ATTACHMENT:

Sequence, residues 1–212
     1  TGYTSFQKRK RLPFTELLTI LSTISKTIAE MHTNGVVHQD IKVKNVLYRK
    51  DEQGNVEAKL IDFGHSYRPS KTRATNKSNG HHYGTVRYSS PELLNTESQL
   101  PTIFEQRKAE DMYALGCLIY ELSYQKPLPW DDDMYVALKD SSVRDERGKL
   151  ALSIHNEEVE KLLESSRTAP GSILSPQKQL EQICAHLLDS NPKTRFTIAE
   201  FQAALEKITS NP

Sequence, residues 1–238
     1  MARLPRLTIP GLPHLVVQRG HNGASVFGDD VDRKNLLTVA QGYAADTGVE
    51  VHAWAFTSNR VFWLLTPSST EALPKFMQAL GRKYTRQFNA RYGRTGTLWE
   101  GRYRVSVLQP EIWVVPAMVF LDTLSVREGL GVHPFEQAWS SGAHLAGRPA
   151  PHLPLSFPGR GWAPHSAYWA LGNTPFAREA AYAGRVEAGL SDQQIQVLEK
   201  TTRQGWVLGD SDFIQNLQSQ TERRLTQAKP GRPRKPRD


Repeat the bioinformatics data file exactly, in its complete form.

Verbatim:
Sequence, residues 1–212
     1  TGYTSFQKRK RLPFTELLTI LSTISKTIAE MHTNGVVHQD IKVKNVLYRK
    51  DEQGNVEAKL IDFGHSYRPS KTRATNKSNG HHYGTVRYSS PELLNTESQL
   101  PTIFEQRKAE DMYALGCLIY ELSYQKPLPW DDDMYVALKD SSVRDERGKL
   151  ALSIHNEEVE KLLESSRTAP GSILSPQKQL EQICAHLLDS NPKTRFTIAE
   201  FQAALEKITS NP

Sequence, residues 1–238
     1  MARLPRLTIP GLPHLVVQRG HNGASVFGDD VDRKNLLTVA QGYAADTGVE
    51  VHAWAFTSNR VFWLLTPSST EALPKFMQAL GRKYTRQFNA RYGRTGTLWE
   101  GRYRVSVLQP EIWVVPAMVF LDTLSVREGL GVHPFEQAWS SGAHLAGRPA
   151  PHLPLSFPGR GWAPHSAYWA LGNTPFAREA AYAGRVEAGL SDQQIQVLEK
   201  TTRQGWVLGD SDFIQNLQSQ TERRLTQAKP GRPRKPRD